Date: October 1st, 2021
Mastered By: Manuel Oberholzer
Artwork By: Camilla Soave and Francesco Serasso
So I’m sure that you have noticed by now, but when it comes to music and video, I prefer the pieces that impact me in some way. I like to know that they have made me “feel”. Even if that feeling is uncomfortable or unpleasant in some way – it’s simply something that arouses a response – and at that moment, as my mind is lost in a chemical reaction, I know for sure that I’m not daydreaming or slumbering through life. That’s not to say that I find this particular piece by Tomat unpleasant in any way. Perhaps a bit unnerving, in that very same magnetic pull that draws us into horror movies, but my reception is admittedly excited, satisfied, and thrilled. The Turin-based producer and sound designer, Davide Tomat, is a new name to these pages, but I reckon I have come across his work with Gianluca Petrella when they released their collab Kepler on !K7 Records back in 2018. This time this soundtrack composer is back, but on the 7K! offshoot (a sublabel of !K7) with an EP he called Diistemi, an ancient Greek term that translates as “to place separately, to put asunder, to disjoin.” Featuring plenty of complex sound design on analogue and modular synths alongside Max/MSP and NI’s Reaktor “DSP Lab”, Tomat attempts to capture each moment as “a simple image, an elementary mental phenomena, an unshiny personal elaboration of feelings I had in my mind at that time.” And when it comes to “Siblings,” a track for which director Camilla Soave (who’s also credited with furnishing some “vocals”) has weaved into a zoomed-in landscape of the body’s largest organ, we’re left with that uncanny feeling of seeing something that’s taboo.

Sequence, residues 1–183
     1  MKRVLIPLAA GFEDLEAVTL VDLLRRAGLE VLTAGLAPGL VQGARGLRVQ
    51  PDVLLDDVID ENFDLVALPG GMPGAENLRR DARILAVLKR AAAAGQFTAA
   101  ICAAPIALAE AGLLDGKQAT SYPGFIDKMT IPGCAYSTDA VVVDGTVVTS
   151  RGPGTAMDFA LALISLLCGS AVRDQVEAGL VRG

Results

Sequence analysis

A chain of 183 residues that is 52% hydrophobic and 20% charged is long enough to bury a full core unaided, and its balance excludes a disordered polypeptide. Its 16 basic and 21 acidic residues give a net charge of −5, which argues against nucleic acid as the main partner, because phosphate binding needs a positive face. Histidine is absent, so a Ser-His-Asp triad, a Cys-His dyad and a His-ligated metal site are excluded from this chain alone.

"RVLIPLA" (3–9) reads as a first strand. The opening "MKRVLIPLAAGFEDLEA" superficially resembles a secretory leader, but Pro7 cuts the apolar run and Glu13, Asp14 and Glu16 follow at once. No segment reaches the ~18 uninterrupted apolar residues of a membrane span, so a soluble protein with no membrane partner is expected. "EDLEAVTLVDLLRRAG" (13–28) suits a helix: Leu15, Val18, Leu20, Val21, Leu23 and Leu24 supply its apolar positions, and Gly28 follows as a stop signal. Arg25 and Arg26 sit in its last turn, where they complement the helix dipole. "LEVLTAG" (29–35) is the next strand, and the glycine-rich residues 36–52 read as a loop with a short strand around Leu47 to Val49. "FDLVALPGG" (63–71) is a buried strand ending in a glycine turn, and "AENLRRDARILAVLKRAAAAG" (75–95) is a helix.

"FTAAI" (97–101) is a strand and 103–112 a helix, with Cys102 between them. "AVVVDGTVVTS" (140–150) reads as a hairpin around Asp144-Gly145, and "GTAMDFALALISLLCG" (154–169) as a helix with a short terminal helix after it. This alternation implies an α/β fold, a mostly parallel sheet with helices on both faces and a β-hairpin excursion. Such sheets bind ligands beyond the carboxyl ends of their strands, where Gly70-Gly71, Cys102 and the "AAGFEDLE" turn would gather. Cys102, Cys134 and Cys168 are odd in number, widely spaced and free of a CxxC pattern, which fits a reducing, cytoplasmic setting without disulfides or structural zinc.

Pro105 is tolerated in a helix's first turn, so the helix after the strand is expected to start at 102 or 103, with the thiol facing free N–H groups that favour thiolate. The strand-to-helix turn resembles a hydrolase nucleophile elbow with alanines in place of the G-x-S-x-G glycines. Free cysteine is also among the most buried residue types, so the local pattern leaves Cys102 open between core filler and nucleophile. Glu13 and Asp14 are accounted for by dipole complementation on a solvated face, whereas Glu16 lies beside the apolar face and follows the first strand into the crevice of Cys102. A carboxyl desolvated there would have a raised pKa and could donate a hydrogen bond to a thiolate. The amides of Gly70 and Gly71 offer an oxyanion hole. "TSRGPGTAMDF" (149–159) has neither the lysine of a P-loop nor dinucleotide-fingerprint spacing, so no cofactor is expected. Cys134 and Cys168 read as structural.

The press release shares Tomat’s frustrations with the process which was completely ridden with anxiety for the unknown. Taking inspiration from John Cage’s book “Silence”, he seized the moment to experiment and play. “Tomat started using dice and probability to pick out notes, chords and harmonies trying to organize them only to feed his ears and his body without judging them.” And to create the music without “purpose” or “intent”. And the result? Well, hear for yourself…
Forced at home for the first time, for something nobody knew and that nobody could face or recognize, I felt the urgency to create music, but it was tough. Breathing but not living what was happening outside my room, producing was unsatisfactory. I was deleting my projects at night and then trying to recover them the day after with cheesy recovery software.
— Davide Tomat
The 7-track EP is out tomorrow, October 1st. I hope you’re as intrigued as I am with this piece.